In this post, you will learn how to establish container to container communication by creating a Docker bridge network.
Currently, I am working on a sample code that includes a frontend (web) and a backend (API). The frontend provides UI to upload an image and passes the image to the backend for external storage. So, I decided to go with to container images as per user requirement.
Built the individual container images
docker build . -t <DockerID>/frontend docker build . -t <DockerID>/backend
Time to create containers from the respective images. But, before doing that we need to establish communication between these two containers.
The frontend talks to the backend through the backend URL set as an environment variable in the frontend. So, we need to create the backend first and set the frontend env variable with the backend URL.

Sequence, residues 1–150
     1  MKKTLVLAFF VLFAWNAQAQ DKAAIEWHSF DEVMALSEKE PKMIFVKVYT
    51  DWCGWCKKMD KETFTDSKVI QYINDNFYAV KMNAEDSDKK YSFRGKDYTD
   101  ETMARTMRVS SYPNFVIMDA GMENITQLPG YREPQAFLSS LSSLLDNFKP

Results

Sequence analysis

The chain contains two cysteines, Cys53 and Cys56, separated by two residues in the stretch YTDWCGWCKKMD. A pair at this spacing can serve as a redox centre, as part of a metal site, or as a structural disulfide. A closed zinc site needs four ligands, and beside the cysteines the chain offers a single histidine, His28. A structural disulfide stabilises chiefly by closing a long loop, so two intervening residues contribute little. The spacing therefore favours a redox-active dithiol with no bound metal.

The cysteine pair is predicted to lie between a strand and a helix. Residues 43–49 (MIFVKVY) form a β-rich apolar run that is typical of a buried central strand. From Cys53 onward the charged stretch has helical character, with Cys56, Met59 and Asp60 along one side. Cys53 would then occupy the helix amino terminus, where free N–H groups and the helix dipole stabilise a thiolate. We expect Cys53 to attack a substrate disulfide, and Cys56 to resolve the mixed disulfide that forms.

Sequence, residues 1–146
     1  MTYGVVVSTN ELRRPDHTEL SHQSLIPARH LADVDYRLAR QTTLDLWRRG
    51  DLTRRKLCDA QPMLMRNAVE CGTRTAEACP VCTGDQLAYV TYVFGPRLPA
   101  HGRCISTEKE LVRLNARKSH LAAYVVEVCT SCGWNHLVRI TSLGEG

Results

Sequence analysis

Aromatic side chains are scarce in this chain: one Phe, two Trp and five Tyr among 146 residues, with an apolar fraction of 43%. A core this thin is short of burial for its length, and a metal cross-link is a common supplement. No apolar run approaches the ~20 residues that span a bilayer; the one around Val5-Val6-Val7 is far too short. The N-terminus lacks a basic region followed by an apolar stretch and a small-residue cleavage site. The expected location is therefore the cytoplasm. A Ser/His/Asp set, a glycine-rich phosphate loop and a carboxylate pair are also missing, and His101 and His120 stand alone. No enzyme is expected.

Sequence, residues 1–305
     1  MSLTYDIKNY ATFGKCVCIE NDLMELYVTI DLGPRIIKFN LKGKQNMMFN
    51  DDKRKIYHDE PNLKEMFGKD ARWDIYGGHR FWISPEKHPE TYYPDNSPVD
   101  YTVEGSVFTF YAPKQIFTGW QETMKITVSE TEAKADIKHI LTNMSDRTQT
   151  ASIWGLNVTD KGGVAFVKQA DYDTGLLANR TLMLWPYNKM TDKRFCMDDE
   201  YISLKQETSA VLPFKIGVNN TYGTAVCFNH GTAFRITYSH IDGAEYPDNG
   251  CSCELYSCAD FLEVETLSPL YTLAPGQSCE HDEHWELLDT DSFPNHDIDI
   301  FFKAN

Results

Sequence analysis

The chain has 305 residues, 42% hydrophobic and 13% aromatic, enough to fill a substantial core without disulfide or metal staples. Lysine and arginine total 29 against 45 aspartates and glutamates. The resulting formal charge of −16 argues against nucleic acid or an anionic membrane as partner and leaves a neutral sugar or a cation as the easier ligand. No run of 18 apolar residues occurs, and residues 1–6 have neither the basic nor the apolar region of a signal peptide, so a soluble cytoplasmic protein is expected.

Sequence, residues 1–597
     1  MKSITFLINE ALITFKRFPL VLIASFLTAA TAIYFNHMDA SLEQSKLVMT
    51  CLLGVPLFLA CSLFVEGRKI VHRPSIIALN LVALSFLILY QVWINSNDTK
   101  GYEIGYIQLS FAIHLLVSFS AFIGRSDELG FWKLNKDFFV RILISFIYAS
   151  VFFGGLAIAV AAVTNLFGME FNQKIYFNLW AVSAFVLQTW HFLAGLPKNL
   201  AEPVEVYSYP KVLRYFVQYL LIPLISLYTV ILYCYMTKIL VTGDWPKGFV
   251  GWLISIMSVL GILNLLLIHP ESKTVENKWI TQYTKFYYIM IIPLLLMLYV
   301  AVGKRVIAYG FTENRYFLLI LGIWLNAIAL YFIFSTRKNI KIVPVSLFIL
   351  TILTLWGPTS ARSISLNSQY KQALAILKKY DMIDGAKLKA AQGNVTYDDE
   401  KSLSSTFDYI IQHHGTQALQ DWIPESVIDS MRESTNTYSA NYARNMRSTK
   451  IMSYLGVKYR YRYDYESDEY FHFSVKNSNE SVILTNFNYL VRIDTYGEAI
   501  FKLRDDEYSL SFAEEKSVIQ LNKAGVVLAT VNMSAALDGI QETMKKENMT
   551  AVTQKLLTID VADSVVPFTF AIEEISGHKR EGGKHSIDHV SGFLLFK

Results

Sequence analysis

To do that, the option I am aware was using –link flag. But, as I hit the documentation, I could see that the option is now deprecated and tagged as legacy.
Digging through Docker’s documentation, I landed on the ne_t_working page. Where on of the options is bridge network
bridge: The default network driver. If you don’t specify a driver, this is the type of network you are creating. Bridge networks are usually used when your applications run in standalone containers that need to communicate. See bridge networks.
So, here’s how I established the communication between the frontend and backend containers
Create a bridge called mybridge:
docker network create -d bridge mybridge
Run the backend container by adding it to the bridge. Don’t forget to give a –name:
docker run -p 3001:3001 --name=backend --network=mybridge -d <DockerID>/backend
Run the frontend container also by adding it to the bridge:
docker run -p 3000:3000 --name=frontend --network=mybridge -d <DockerID>/frontend
The env variable on the frontend will be set to http://backend:3001/ and Hola! everything works.